Caligula’s horse’s death ray — II

After reading Bill Fanning's Death Rays and the Popular Media, I looked at a murky 1937 claim of an official British death ray, supposedly on the authority of Sir Thomas 'Caligula's horse' Inskip, Minister for Defence Co-ordination. That turned out to be not quite what happened. But I was also intrigued by something else Bill said, in the context of other press stories of Air Ministry interest in death ray inventions:

The government made such announcements about 'invisible walls' and 'rays' for two reasons. One was to reassure the public that Britain was safe from air attack in the event of another general European war, the other, according to a press release in July 1945, a deception to cover the real work going on with radar.1

The reason why this intrigues me is that I've long wondered why the British government didn't make more of an effort to promote confidence in Britain's air defences in the late 1930s. Firstly, Britain's air defences were stronger. On Inskip's recommendation the RAF's rearmament priorities from 1938 onwards had been rebalanced to favour fighters more, and the extension of the Chain Home radar system around the coast began in 1939. Secondly, regardless of the actual ability of Fighter Command to intercept and repel enemy bombers, even the mere belief that it could do so would be valuable, given that fear of bombing was in itself thought to be one of the greatest dangers. In my book, I suggested that a greater confidence in air defence was responsible for a scepticism about the knock-out blow from the air in 1938-39, though without really being able to prove this directly.2 Perhaps the death ray debate can shed light on this.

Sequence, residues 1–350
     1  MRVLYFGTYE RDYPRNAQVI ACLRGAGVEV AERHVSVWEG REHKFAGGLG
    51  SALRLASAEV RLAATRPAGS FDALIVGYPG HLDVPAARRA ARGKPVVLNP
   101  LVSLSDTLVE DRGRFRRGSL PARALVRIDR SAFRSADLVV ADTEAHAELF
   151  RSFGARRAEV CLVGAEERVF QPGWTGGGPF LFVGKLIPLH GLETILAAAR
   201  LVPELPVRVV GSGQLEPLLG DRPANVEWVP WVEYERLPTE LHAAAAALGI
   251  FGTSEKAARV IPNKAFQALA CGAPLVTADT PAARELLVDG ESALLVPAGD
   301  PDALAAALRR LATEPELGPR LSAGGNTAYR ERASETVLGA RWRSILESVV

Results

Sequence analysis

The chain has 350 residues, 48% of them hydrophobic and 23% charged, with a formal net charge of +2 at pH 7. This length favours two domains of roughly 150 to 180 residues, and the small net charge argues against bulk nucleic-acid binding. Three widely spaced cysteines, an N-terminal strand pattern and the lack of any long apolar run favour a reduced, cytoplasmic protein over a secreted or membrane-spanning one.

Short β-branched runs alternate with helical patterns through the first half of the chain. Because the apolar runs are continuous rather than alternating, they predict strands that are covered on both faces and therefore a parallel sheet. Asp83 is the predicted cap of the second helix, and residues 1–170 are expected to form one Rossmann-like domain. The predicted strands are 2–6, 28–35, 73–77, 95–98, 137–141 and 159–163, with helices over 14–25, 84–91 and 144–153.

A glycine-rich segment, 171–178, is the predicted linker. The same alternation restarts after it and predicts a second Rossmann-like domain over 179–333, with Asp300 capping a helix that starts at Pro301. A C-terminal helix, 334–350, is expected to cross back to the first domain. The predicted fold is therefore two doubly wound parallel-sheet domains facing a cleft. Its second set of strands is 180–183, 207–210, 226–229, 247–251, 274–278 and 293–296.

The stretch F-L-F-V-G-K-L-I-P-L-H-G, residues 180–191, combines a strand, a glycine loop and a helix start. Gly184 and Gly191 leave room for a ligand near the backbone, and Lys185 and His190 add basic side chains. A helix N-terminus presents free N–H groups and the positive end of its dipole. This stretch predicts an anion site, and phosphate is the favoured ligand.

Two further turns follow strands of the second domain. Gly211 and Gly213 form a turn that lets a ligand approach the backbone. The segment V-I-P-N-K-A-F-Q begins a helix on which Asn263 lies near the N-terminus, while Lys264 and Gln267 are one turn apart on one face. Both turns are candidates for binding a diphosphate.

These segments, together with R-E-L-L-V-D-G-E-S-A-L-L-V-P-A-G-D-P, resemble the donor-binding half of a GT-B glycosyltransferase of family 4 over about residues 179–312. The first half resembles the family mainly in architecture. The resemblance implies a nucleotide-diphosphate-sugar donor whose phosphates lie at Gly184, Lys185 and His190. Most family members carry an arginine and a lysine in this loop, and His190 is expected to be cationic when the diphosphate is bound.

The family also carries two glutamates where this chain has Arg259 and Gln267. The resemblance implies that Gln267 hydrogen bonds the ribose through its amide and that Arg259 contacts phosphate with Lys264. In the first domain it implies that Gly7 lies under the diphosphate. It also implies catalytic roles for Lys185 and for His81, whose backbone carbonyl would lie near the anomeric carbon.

For example, the Devon and Exeter Gazette's London correspondent wrote that 'for most people', Inskip's statement 'merely indicated official faith in the efficiency of our augmented R.A.F. fighter squadrons, equipped with improved weapons, acting in association with greatly improved ground defence equipment of searchlights, rangefinders, and anti-aircraft batteries'.3 This shows that some people, at least, were aware of the improving air defence situation.

But the same article notes that 'in some quarters a far more romantic explanation is put forward', referring to 'the idea of an invisible beam that puts aircraft, or for that matter marine and land engines too, out of action'.4 It adds that 'There is nothing inherently impossible, or even improbable' about such ideas; in fact the discovery of such a ray 'would either make war impossible or ring the curtain down on human history'.5 So investment in conventional air defence doesn't preclude the possibility of unconventional air defence (though perhaps not too unconventional); the more defence the better. The Gazette didn't specify the 'quarters' where this speculation could be found, but some possibilities are easy to find. An article in Pearson's Weekly claimed that when Inskip 'suggested in the House of Commons that our scientists had invented a death ray which would make air raids impossible, many of us heaved a sigh of relief'.6